James Gray - Concise Bible Commentary
Samuel also said unto Saul, The LORD sent me to anoint thee to be king over his people, over Israel: now therefore hearken thou unto the voice of the words of the LORD.1 Samuel 15:1-16:13
THE MAN AFTER GOD’S HEART
ANOTHER COMMISSION FOR SAMUEL (1 Samuel 15:1-9)
How long a time elapsed since the last chapter is indeterminable. Saul’s victory seems to have driven the Philistines out of Israel’s territory, and to have been followed by successful sallies against other enemies.
He had been warned of God that because of his presumption at Gilgal (chap. 13), the kingdom would be taken from him and given to another; but God seems willing to allow him another chance, or at least another test of his quality to be His vice-regent in Israel before God executes His purpose (1 Samuel 15:1).
For an explanation of 1 Samuel 15:2, look up Exodus 17:8-14; Numbers 24:20; and Deuteronomy 25:17-19. We have seen the reason for God’s anger against such nations as Amalek in that they represented the powers of darkness, and sought as the instruments of Satan to frustrate His purpose of redemption of the world through Israel.
SAUL’S REJECTION FROM THE KINGDOM (1 Samuel 15:10-31)
This part of the chapter requires little comment. Notice Saul’s falsehood (1 Samuel 15:13), and his self-justifying spirit (1 Samuel 15:15; 1 Samuel 15:21). Notice the principle in verse 22, and the final rejection of him in 1 Samuel 15:23. Nor is his repentance sincere, inasmuch as he is still trying to excuse himself (1 Samuel 15:24), and desires to make a good showing before the people (1 Samuel 15:30).
God’s Repenting and Not Repenting
Here is a seeming contradiction which needs a word of explanation. Twice is it said that it repented the Lord that He made Saul king (1 Samuel 15:11; 1 Samuel 15:35), and in another place that “He is not a man that He should repent” (1 Samuel 15:20). In the last case, “repent” is to be taken in the positive sense that God’s decrees are unchangeable, which is necessary to be believed of the divine nature.
But in the former case it is to be taken in the figurative sense, as explaining in terms capable of human understanding why He was about to act as He did.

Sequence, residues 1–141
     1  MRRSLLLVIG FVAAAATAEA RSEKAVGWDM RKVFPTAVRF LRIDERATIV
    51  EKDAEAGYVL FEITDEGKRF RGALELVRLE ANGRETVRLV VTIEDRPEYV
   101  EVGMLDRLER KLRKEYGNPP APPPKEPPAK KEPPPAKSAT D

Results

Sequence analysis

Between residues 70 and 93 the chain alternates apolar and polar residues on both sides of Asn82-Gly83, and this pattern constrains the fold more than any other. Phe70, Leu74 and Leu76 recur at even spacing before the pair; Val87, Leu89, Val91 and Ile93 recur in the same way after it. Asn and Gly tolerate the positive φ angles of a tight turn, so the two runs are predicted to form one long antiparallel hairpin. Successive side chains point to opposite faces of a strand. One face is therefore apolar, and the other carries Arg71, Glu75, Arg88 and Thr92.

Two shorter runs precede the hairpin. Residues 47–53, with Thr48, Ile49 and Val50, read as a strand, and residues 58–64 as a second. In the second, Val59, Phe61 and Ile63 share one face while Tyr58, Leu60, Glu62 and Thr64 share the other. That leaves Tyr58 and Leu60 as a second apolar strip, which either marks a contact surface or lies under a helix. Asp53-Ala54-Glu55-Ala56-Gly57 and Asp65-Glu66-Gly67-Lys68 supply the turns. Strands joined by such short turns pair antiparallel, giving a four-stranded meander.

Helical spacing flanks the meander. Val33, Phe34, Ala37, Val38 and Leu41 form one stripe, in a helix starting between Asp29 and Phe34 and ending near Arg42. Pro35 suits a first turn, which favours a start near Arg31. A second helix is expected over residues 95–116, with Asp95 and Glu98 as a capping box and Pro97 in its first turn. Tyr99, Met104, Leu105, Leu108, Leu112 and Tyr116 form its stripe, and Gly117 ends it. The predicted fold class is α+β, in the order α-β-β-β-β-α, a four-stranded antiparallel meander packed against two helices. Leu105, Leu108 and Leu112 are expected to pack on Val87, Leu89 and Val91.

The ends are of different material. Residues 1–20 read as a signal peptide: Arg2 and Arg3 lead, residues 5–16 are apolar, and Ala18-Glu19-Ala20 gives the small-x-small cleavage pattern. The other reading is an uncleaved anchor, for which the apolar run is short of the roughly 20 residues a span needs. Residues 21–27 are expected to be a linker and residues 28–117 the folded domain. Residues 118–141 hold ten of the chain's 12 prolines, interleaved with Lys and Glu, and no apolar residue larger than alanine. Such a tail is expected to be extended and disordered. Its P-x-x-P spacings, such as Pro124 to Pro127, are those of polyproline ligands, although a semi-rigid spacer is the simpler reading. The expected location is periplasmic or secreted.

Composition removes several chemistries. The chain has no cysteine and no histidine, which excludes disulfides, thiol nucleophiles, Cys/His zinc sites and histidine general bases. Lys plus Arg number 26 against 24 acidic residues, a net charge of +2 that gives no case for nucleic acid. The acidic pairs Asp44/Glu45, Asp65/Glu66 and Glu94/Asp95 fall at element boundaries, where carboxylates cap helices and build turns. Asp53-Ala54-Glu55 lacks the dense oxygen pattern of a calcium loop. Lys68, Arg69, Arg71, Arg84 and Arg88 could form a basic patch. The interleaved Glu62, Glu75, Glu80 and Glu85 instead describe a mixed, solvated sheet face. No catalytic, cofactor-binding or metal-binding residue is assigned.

He intends to alter His purpose with Saul because of the latter’s wickedness. It would not have been altered but for this, and yet He foreknew in choosing Saul that this would take place. In the larger sense, He did not repent or change His mind at all, while in the narrower sense He did. But since the narrower was included in the larger, it is to be regarded as part of His original decree, from which point of view God did not repent, but carried out His purpose as from the beginning.
THE CHOICE OF DAVID (1 Samuel 16:1-13)
When in chapter 13 it was said that the Lord sought Him a man after His own heart, the reference was to David. But it is not to be supposed that David was a perfect man in the natural and moral sense, for we know to the contrary. It will be found, however, that while he was a sinner like Saul, he was a regenerated sinner while Saul was not, so far as man can judge. With all his sin, David loved God supremely, and his underlying motive was to do His will. His history, checkered as it is, establishes this fact, and the sense in which he was a man after God’s own heart is seen by a comparison of his history with that of Saul.
There is nothing of difficulty in this section of Scripture.
1. How extensive does the conquest of the Philistines seem to have been?
2. What further opportunity does God afford Saul?
3. Have you refreshed your memory concerning the history of the Amalekites?
4. Have you located them on the map?
5. Can you quote the principle in verse 22?
6. What indicates the insincerity of Saul?
7. How would you explain the apparent contradiction about God’s repenting?
8. In what sense could David be said to be a man after God’s heart?